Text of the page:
Posts Tagged ‘DASH diet’

World’s best and worst diets revealed!

Wednesday, January 15th, 2014

food_04_240x240_jan10The lemon detox diet – a two-week water, lemon juice, cayenne pepper and maple syrup fad – has been called the worst diet for the third year in a row, a survey has revealed.

According to a Dietitians Association of Australia survey of 200 members, the SkinnyMe tea and the Ashy Bines Bikini Body Challenge were placed in second and third positions.

On the same day that this research was released, the US News and World Report revealed their pick of the best and worst diets of 2014.

The new research termed DASH as the best diet plan as it has maximum flexibility and allows for all kinds of meats, fruits, vegetables and grains, but foods loaded with salt, sugar and fat are to be avoided.


All about DASH diet

Monday, July 8th, 2013

Are you suffering from blood pressure? Here is a diet that claims to bring it under control it. Read on to know everything about DASH diet.

What is DASH diet

DASH stands for Dietary Approaches to Stop hypertension. DASH diet emphasises on eating more nutrients, and reducing the intake of food with no nutritional value. It also encourages you to have less sodium in your normal diet. Thus, this diet is designed for reducing hypertension.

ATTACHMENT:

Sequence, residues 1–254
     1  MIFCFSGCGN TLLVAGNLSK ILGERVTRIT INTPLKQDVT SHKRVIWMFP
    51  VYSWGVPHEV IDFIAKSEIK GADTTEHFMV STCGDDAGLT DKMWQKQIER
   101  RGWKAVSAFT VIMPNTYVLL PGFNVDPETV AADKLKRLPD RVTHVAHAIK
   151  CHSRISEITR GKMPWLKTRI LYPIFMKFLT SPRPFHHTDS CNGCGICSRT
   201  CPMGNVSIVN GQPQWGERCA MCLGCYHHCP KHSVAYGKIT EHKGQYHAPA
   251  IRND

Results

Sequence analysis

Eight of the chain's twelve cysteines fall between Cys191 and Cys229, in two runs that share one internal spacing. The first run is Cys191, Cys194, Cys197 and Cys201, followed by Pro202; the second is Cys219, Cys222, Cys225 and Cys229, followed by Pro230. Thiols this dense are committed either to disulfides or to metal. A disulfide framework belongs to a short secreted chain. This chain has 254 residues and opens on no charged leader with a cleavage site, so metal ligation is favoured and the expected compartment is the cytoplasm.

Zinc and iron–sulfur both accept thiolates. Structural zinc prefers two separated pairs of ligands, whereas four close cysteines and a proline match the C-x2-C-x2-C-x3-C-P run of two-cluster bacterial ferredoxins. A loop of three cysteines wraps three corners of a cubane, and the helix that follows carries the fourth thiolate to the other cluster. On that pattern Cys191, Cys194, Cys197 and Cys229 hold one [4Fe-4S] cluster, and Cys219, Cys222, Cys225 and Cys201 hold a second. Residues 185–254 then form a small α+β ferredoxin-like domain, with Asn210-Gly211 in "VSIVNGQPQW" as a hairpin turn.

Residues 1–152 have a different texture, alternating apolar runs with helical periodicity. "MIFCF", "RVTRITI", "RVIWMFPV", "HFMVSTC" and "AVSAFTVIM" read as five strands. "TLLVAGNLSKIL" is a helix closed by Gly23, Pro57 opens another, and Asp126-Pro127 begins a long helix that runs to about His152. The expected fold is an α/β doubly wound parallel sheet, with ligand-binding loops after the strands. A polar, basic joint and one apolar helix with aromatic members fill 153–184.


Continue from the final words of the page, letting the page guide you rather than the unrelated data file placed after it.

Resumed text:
Diet and exercise go hand in hand: Sheela Tanna

Wednesday, December 26th, 2012

An experienced clinical dietician, nutrition specialist and a Reebok Certified Fitness Consultant, Sheela Tanna has counselled at various health camps.

She deals with lifestyle disease management like diabetes, blood pressure, cardio vascular diseases, obesity, PCOD etc. Her special interests include child nutrition, menopause management, arthitis, hair and skin care.

Sheela answered Sify readers’ queries related to diet and nutrition in an exlusive chat. Read the transcript below

Why is Protien a vital element is our diet and from where do we get it ?
proten is building block of our body.. We need it on regular basis for wear and tear of tissues.. Natural diet like dals, pulses,lean meat has enough protein..No need to buy supplements.


More Indian youth suffering from heart diseases

Friday, September 28th, 2012

With an ever-increasing number of Indians suffering from heart diseases, a drastic change in lifestyle and eating habits is the need of the hour to tackle the alarming situation with a special focus on youth, say doctors.

Cardiovascular diseases would be the largest cause of death and disability in India by 2020 as per a World Health Organisation (WHO) report.

“The average age of people with heart ailments is coming down. We are getting patients as young as 20 years,” Neeraj Bhalla, senior consultant and director of the heart centre at BLK Super Specialty Hospital, said ahead of World Heart Day that is observed on September 29.

“In the next five to 10 years around 20 percent of the Indian population would be affected,” he added.

Atul Mathur, director of Invasive Cardiology at Fortis Escorts Heart Institute, said that patients under the age of 40 have increased from 10 percent a decade ago to 30 percent today.


Bread beats chips as biggest salt source

Thursday, February 9th, 2012